The lessons I personally took from my years of studying the disputation were the intensity and deep emotions that such religious beliefs invoke, and the dangers inherent when one attempts to compromise and reduce Judaism to a religion or theology, in essence putting Judaism on par with Christianity in the name of interfaith dialogue and cooperation. The search for commonality and commensurability between Judaism and other faith communities was proscribed by great Sages such as Rabbis Samson Raphael Hirsch and Joseph B. Soloveitchik, two modern Torah giants who involved themselves in the world at large and who understood Judaism’s universal obligations to humankind. It is for this reason that they wrote about establishing very clear boundaries and guidelines for conducting discussions with other faith communities.
During the discussions after the play with the playwright Roy Doliner, he commented that he would rather have 2 billion Christians that love us, than Christians that want to kill us, therefore we should embrace the opportunity to dialogue and learn together. He also discussed that we’ve reached a time where this is in fact happening, and there are many Christians and Jews studying together. And yet if the playwright and others would open their eyes and ears, they would realize that leading evangelical leaders admit that replacement theology is alive and well, and cross-denominational antisemitism is rapidly growing within mainline Christian churches and even among evangelicals.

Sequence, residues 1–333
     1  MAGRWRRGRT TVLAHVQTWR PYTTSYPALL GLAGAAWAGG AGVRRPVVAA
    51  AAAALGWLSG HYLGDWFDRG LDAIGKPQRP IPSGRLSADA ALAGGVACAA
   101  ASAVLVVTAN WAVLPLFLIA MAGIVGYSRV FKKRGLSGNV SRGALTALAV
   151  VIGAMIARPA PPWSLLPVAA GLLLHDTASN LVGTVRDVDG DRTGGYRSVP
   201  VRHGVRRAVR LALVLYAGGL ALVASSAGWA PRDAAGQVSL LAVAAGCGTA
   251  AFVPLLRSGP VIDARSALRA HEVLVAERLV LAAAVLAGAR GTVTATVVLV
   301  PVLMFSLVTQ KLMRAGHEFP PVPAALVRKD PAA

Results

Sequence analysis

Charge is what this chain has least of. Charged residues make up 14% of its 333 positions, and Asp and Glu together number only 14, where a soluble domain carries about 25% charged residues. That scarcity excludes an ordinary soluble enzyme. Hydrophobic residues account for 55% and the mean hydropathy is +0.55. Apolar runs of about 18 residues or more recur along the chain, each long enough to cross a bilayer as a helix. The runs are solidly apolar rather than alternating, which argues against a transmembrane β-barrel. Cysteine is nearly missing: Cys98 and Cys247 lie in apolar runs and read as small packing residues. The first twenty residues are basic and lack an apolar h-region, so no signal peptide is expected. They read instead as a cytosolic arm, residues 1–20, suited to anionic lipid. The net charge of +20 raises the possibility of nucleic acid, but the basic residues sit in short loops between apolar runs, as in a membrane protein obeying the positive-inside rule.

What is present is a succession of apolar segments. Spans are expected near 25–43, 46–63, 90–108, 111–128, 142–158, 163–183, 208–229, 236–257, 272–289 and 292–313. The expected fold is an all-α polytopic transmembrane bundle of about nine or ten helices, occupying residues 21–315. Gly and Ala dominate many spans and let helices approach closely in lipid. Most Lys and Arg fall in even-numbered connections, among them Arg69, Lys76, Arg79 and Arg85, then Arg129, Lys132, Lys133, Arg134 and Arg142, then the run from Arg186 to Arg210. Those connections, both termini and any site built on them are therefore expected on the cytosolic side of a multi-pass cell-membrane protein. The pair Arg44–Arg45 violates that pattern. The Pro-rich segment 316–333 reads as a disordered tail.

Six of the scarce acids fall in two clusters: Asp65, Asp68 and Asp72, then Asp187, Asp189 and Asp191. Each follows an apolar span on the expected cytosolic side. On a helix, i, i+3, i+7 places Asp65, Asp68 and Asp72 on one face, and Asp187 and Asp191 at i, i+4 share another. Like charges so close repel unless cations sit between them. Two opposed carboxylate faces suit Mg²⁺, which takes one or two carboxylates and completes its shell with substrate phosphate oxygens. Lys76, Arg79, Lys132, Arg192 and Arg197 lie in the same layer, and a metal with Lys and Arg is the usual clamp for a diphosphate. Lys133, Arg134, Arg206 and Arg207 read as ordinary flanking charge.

The message, that Christianity is avodah zorah (“foreign worship”) for the Jew, that it is a Torah obligation to accept death rather than to bow down or convert, was reiterated throughout the play. Yet the playwright himself said during the discussions afterwards that the Talmud does not consider Christianity avodah zorah, but “notzrim”. I strongly disagree with his statement, and he offered no source for this. The very subject of the disputation was the Christian claim of divinity which it applies to the man, Jesus.
The play ended in a great interfaith hug, which invoke great warm fuzzy feelings, but is far from reality.
Given the threat of assimilation, intermarriage, and destruction of the Jewish family life that we face today, it is important that we maintain clear boundaries between faiths that were established to safeguard the integrity of Judaism and of the Jewish soul. Within these boundaries, there is a lot of good that Christians can accomplish for the Jewish world, without treading through this “theological” mine field. Is it worth the risk, when there are so many ways that we can benefit from a relationship that doesn’t include mingling faiths, or focusing on aspects of the other’s faith that divide us?